Definition of Bliss
Bliss is a superlative state which is far above and beyond happiness. The happiness that we commonly refer to is in some way or the other related to the external world. Bliss, by definition, is an experience pertaining to the soul and is not related to external stimuli.
In life we find that whatever makes us happy has the potential to make us unhappy. To understand this further, we have to study the media through which we can experience happiness.
- The five senses: These are pleasures gained through the experiences of touch, taste, sound, smell or sight.
Example: A person who loves ice-cream yearns to go to the ice-cream parlour. The first ice-cream always tastes the best. As he keeps having more and more, the pleasure that he gained from the first one begins to wane until he begins to feel physically uncomfortable by the 7th or the 8th helping. Thus the pleasure gained from ice-cream could not be sustained over a period of time. We can relate this back to any object one desires in life – after our happiness from the object peaks, it begins to wane.
- The mind: It is the part of one’s thoughts that is linked with one’s emotions (our emotions and thoughts are interwoven with each other – unhappy thoughts lead to unhappy feelings and vice-versa). Pleasure gained through the mind is far superior to that gained through the five senses.
Example: What would be the most pleasurable emotion we could have? Probably it would be the experience of falling in love. So take the example of two people who fall in love and cannot dream of leading their lives apart from one another. Once their relationship evolves into marriage, we find that the peak of their happiness cannot be sustained. Each partner begins to see the other in a different light, and in time they find that no one can hurt them more or make them angrier than the very spouse who also gives them so much joy!
- The intellect: This is our decision making and reasoning ability. It allows us to experience a different kind of pleasure that is qualitatively and quantitatively superior to the happiness gained through the mind.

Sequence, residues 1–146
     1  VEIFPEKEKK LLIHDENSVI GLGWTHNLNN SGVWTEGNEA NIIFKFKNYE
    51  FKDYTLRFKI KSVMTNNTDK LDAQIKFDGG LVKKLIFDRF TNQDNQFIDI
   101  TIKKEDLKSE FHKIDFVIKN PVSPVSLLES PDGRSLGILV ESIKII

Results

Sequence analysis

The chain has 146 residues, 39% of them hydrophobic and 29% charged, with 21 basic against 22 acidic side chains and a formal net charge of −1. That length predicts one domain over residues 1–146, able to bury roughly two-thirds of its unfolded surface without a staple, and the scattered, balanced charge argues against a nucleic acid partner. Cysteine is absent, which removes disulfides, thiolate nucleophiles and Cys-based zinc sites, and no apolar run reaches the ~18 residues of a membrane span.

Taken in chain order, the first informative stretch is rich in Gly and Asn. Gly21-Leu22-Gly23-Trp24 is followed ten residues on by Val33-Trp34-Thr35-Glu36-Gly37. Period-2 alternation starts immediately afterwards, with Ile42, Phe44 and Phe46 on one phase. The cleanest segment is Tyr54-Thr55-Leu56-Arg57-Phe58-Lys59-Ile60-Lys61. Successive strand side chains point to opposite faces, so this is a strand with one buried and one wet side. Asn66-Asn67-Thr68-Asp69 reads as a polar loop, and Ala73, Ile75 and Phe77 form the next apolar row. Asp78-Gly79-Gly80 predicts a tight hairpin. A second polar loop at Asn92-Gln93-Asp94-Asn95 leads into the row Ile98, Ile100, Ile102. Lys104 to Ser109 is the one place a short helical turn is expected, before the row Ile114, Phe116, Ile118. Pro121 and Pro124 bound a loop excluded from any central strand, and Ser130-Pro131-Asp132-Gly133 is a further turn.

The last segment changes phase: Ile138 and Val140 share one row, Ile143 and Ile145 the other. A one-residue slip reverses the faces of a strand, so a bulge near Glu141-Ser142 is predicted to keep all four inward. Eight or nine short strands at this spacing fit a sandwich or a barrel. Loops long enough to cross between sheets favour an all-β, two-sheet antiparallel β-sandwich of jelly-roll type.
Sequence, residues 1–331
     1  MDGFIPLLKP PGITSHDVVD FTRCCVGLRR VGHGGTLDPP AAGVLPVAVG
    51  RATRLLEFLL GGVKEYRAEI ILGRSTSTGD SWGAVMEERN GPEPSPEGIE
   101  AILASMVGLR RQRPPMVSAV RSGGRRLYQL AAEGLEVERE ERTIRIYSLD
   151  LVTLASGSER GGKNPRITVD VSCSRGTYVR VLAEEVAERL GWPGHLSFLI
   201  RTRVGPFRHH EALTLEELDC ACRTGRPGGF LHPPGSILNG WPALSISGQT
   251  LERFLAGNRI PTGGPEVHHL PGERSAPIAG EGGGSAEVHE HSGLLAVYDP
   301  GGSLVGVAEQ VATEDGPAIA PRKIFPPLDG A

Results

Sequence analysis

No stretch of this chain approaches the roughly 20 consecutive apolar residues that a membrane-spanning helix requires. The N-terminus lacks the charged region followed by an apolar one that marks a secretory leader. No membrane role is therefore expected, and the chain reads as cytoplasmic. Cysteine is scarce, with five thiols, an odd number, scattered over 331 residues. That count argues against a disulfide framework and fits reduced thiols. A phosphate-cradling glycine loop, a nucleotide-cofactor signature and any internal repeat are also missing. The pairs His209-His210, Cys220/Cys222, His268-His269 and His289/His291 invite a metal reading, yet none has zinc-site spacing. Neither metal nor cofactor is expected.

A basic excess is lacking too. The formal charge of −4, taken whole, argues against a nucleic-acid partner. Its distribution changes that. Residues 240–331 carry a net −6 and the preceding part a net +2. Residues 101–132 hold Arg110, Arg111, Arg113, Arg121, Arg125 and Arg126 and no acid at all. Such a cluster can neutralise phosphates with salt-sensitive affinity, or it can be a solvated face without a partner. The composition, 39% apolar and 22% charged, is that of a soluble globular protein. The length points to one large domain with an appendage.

Example: Let’s take the example of a scientist who has immersed himself in research. Now, say one day he solves a riddle that has baffled humankind for centuries – of course he is elated. But what happens to his ecstasy when after a while, the applause dies down? Now he is no longer on a high – in fact he is restless, as he needs to busy himself with something new to discover. Or worse still, he could be plunged into despair when he finds that this great discovery (e.g.: the energy formula E=mc2) has been used for the destruction of humankind by way of the atom bomb.
This diagram shows how the happiness that we perceive through each of the media (i.e. the 5 senses, mind, and intellect) progressively gets not only qualitatively better but also lasts for a longer duration
However, when we experience what is Bliss from the soul, we understand that it is the most superlative quality of happiness and it lasts indefinitely. Bliss cannot be verbally described and it has to be experienced.
To indicate the limitation of words, let’s take the example of the sweetness of sugar. Is there any way we can verbally explain the sweetness of sugar to someone who has no tongue? No! We find no words that can give us the actual experience of the taste of sugar. Just as with Bliss, sweetness has to be experienced to be understood. Spiritual practice is the only means by which one can experience and understand what is Bliss.